• Bears Are Bad News: Part of the plot involves the Aldens being warned about bears in Yellowstone, and picking up bear bells to ring in order to chase them away if they come near. As it happens, the one time they hear a bear, it turns out to have been another person trying to scare them away with a tape recording.
  • Brother–Sister Team: Samuel Jackson Crowe, AKA Sam Jackson for short, and his sister Emily Jackson Crowe, who work at the local inn and as a park ranger in Yellowstone, who turn out to be the closest the books have to villains — they're searching for the supposed treasure in the lost cabin, because they think their ancestor was one of the miners who left it.
  • Worthless Treasure Twist: Book #61 (The Growling Bear Mystery) revolves around a hunt for lost gold in an old miner's cabin in Yellowstone National Park. In the end, the Aldens find the cabin, but they find out that the "treasure" isn't gold — it's just a sack of the yellow stones that give the park its name.

     #062: The Mystery of the Lake Monster (1998) 

  • Maybe Magic, Maybe Mundane: At the very end, after the mystery is solved and the fake monster is exposed, the Aldens hear the sound of an unfamiliar animal, indicating Lucy the lake monster might really be out there.
  • "Scooby-Doo" Hoax: The titular lake monster, which turns out to be made up by a teenage boy who thinks that if he can scare people with signs of a monster being around, it'll make his parents decide to take him home; he used fake feet and a pre-cut paddle that made it look like a monster had bitten it.

     #070: The Mystery of the Pirate's Map (1999) 

  • Worthless Treasure Twist: Played straight in book #70 (The Mystery of the Pirate's Map). The children find the last piece of a famous treasure map and try to get to the treasure before a greedy millionaire, who's spent his whole life trying to find it and stepped on a lot of people in the process. As they're digging for the treasure, they tell him that he can have whatever they find. The treasure chest contains a single coin, and a note from the pirate about "real treasure."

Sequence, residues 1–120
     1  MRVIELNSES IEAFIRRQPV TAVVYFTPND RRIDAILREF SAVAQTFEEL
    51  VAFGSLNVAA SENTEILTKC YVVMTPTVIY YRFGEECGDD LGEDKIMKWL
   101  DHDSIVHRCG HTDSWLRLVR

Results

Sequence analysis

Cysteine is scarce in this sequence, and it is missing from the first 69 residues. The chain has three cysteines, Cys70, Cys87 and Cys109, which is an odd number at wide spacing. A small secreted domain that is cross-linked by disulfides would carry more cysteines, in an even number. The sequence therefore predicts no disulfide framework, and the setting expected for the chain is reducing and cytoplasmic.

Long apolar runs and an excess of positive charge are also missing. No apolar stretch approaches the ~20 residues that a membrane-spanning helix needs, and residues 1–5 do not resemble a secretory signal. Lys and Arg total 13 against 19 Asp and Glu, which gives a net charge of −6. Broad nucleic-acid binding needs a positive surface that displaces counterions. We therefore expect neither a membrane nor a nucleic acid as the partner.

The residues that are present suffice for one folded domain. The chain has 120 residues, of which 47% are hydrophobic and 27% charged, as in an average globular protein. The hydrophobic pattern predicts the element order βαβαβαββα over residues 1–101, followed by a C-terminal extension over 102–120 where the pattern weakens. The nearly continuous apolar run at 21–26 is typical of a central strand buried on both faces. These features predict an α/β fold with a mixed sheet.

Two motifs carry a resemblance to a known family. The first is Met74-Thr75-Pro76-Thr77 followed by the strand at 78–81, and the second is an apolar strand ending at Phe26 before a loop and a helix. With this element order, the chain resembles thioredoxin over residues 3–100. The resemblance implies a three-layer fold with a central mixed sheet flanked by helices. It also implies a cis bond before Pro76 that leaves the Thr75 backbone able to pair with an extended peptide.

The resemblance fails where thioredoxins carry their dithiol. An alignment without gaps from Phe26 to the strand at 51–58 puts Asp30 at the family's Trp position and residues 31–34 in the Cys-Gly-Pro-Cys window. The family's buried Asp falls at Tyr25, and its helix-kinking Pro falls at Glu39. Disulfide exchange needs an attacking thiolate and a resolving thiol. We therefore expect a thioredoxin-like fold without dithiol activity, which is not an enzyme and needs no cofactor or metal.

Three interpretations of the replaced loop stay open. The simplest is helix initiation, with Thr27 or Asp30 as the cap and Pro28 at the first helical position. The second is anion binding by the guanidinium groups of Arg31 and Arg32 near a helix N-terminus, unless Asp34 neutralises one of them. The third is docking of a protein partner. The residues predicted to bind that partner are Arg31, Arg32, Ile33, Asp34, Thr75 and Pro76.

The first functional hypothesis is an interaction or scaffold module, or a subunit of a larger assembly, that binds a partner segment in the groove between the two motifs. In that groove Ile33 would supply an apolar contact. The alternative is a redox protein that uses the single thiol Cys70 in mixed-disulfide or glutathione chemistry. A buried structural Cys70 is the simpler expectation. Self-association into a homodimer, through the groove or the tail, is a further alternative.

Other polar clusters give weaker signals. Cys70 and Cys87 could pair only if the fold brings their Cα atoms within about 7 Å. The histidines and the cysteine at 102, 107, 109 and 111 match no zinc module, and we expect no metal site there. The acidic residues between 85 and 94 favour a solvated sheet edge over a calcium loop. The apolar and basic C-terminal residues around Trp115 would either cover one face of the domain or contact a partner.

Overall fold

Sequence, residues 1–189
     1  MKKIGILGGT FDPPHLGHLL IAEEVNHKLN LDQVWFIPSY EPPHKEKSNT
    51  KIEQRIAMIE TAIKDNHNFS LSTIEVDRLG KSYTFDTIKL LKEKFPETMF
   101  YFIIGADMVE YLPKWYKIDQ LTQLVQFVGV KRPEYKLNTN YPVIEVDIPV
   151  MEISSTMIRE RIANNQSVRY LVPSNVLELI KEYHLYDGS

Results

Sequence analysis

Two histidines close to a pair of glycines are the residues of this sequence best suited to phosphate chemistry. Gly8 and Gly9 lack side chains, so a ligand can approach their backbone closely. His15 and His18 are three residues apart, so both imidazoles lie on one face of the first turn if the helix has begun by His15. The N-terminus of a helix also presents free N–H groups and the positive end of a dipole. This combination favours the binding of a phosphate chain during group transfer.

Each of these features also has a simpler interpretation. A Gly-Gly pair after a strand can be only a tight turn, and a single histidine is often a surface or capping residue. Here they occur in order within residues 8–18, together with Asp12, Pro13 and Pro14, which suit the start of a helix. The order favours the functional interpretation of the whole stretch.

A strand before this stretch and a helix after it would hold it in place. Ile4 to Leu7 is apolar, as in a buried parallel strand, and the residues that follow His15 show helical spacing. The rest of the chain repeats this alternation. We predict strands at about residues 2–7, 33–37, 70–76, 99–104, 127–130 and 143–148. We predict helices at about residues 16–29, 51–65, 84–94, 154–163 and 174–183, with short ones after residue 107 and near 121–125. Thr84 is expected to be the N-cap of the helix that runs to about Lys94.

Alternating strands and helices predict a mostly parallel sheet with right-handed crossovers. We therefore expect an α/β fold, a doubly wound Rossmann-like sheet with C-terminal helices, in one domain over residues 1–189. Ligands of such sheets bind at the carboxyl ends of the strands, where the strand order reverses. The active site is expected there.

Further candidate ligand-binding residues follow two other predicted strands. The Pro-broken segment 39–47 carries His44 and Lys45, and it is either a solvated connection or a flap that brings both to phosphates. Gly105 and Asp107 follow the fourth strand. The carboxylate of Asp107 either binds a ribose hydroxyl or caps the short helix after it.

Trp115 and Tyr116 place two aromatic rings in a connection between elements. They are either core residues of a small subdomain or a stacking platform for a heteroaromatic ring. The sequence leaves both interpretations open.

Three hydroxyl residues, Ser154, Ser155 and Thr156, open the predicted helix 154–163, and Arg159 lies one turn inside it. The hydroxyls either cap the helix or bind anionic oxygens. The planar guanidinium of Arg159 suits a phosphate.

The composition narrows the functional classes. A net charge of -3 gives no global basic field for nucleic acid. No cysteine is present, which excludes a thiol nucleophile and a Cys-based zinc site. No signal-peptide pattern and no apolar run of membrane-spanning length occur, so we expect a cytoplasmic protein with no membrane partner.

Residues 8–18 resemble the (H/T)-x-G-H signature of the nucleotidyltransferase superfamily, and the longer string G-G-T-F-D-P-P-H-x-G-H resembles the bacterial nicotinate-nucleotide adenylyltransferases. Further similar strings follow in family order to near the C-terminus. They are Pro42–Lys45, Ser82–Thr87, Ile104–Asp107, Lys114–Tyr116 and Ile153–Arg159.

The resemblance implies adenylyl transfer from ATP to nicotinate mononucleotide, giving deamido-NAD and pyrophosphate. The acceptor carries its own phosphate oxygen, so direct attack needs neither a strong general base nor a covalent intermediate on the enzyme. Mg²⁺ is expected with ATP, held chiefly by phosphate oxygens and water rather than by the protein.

Animated films 

The films include examples of the following:

  • Adaptational Dye-Job: Jessie is shown as being brunette like her siblings in the books cover art, but in the animated movie she's a redhead.
  • Animated Adaptation: One was released in 2014, and is a straight up adaptation of the first book. It was reasonably well received, currently having a user-rating of 7.5 on IMDB. A sequel, Surprise Island, was released in May 2018.
  • Mythology Gag: In the first animated movie, the bakery they visit is called "Chandler's". In the sequel, Violet mentions her teacher Miss Warner.
  • No Flow in CGI: Neither animated movie shows a lot of movement in the final results, as evidenced by the lack of movement in longer hair.
  • Strong Family Resemblance: In the movie, Henry specifically looks a lot like his dad based on an old photograph. It's also easy to tell that the Boxcar kids are related when all four of them are in a group.
  • You Don't Look Like You: In the animated version of Surprise Island, Henry, Violet, and Benny were redesigned. Jessie is the only one of the four Alden kids to look the same in both movies, though her eye color is changed from brown in the first movie to green in the sequel.

Alternative Title(s): Boxcar Children